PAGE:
By Pascalle Farr
Not everyone in Brooklyn is Jewish and understands the religion and culture. It’s okay. Don’t be embarassed.
Brooklyn Chatter created a Judaism 101 Guide to Help you greet your fellow Jews who are celebrating Passover. But first, here’s a quick schooling on the holiday.
The Jewish holiday celebrates the Israelites being freed from slavery in Egypt. It is observed for seven or eight days, depending on where you live. During the first two nights, Passover is celebrated with a Passover seder. If you’ve never been to a seder, it includes the retelling of the story of Exodus from the Bible or Torah.
Passover this year started at sundown on March 27 and ends at sundown on April 4, 2021. The dates change every year under the Hebrew calendar, which doesn’t line up with our calendar. The holiday typically takes place in early spring.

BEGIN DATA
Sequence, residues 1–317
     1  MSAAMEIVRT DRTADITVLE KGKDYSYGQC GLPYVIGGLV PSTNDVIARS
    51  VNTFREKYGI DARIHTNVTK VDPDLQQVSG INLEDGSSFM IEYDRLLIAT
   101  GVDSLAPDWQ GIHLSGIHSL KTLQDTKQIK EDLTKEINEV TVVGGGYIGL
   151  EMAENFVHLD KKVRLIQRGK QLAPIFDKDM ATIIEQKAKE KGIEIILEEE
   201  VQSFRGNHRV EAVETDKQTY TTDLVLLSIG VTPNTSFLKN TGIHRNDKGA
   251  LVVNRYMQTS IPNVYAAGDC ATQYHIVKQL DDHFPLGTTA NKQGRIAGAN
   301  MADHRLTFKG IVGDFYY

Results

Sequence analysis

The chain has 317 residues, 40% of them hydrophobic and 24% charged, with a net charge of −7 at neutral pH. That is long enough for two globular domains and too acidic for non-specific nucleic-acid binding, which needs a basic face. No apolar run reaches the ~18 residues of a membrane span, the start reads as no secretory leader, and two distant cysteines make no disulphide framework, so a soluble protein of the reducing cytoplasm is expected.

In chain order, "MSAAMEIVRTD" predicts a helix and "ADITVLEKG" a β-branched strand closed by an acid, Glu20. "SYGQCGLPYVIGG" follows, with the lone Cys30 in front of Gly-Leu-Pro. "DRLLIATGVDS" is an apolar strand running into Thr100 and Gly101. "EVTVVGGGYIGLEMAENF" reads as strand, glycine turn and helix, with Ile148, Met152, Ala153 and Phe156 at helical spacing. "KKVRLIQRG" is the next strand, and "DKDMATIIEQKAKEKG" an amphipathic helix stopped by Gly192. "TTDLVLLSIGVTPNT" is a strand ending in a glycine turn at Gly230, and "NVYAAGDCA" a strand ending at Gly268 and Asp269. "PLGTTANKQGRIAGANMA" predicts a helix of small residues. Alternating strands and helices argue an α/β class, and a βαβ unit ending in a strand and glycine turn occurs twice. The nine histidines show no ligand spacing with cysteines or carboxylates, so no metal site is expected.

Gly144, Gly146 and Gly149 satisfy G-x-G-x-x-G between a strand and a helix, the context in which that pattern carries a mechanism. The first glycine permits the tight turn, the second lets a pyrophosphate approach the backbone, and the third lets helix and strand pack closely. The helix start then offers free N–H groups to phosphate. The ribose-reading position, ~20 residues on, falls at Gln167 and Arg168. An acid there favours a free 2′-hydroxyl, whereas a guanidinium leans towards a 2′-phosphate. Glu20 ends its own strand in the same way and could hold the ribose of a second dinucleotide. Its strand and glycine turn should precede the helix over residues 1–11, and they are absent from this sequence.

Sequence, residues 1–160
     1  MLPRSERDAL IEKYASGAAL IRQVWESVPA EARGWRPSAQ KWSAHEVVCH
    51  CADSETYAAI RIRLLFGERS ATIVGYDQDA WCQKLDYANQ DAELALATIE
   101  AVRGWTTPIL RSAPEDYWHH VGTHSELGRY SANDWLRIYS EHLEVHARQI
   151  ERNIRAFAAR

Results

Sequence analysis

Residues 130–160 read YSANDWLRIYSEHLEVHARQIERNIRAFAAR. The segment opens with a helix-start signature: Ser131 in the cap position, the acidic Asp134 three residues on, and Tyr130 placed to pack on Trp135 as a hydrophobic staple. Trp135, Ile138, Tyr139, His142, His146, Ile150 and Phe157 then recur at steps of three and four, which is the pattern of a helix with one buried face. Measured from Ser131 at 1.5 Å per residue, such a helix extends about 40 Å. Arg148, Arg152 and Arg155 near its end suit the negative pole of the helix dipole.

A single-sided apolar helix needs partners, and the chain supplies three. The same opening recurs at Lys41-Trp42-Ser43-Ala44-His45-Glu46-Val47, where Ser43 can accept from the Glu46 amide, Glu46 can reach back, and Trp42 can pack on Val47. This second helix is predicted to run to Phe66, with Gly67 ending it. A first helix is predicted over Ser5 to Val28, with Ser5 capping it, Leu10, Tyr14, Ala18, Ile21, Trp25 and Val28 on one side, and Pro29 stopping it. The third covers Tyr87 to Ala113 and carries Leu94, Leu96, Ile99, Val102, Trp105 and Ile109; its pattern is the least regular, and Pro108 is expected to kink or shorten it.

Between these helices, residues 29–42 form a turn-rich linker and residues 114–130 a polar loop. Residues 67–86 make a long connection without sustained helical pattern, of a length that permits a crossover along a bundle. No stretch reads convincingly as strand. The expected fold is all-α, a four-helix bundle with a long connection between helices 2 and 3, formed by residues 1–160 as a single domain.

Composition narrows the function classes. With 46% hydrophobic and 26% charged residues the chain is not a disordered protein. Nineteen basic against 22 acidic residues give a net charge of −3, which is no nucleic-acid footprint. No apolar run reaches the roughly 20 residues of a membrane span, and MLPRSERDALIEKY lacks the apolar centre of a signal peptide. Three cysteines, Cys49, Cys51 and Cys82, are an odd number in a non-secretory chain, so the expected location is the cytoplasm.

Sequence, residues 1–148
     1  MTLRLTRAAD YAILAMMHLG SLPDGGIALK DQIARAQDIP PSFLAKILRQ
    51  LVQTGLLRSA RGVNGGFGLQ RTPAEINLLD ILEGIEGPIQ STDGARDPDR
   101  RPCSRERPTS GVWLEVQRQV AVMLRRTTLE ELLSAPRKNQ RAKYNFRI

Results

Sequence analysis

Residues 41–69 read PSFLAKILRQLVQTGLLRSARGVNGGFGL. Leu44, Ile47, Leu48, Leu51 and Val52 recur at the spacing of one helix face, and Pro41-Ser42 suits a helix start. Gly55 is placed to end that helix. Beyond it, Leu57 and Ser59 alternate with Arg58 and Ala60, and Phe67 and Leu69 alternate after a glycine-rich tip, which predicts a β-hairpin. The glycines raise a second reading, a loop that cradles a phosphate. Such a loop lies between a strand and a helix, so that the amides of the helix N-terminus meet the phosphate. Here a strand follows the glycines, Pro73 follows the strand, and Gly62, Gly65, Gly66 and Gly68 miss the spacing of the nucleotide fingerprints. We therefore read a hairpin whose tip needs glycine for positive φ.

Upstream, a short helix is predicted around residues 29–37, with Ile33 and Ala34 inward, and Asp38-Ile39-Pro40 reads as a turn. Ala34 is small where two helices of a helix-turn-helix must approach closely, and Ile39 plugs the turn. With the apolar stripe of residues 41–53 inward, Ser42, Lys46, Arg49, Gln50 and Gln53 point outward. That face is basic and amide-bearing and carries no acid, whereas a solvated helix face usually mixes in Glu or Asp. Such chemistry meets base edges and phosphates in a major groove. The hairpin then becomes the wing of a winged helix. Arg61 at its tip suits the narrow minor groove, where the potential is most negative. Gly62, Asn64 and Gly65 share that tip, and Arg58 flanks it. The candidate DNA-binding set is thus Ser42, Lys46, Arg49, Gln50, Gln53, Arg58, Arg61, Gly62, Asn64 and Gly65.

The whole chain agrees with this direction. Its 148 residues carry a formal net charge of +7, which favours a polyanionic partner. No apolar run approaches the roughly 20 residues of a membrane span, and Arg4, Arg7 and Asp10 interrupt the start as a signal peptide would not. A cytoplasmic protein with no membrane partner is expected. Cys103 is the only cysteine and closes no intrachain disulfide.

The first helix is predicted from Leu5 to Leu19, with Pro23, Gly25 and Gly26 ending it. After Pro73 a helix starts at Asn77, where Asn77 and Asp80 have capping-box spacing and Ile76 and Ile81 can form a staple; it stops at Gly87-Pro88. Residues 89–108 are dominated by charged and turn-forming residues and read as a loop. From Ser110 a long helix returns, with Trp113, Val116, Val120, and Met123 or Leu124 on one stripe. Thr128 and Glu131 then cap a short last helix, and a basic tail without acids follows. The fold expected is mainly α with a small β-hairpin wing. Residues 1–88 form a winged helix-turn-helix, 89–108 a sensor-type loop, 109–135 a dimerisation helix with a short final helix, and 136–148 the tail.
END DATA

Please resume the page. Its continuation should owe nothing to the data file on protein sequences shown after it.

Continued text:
If you want to stick with the Brooklyn vibe and not try to greet someone in Hebrew, “Happy Passover” is perfectly kosher. If you really want to sound relatable, you can wish someone a “kosher and joyous Passover.” In Yiddish, you would say “gut yontif,” which means “good holiday.” You can also say “chag sameach,” which means “happy festival.” Chabad.org gives you more background on pronunciations.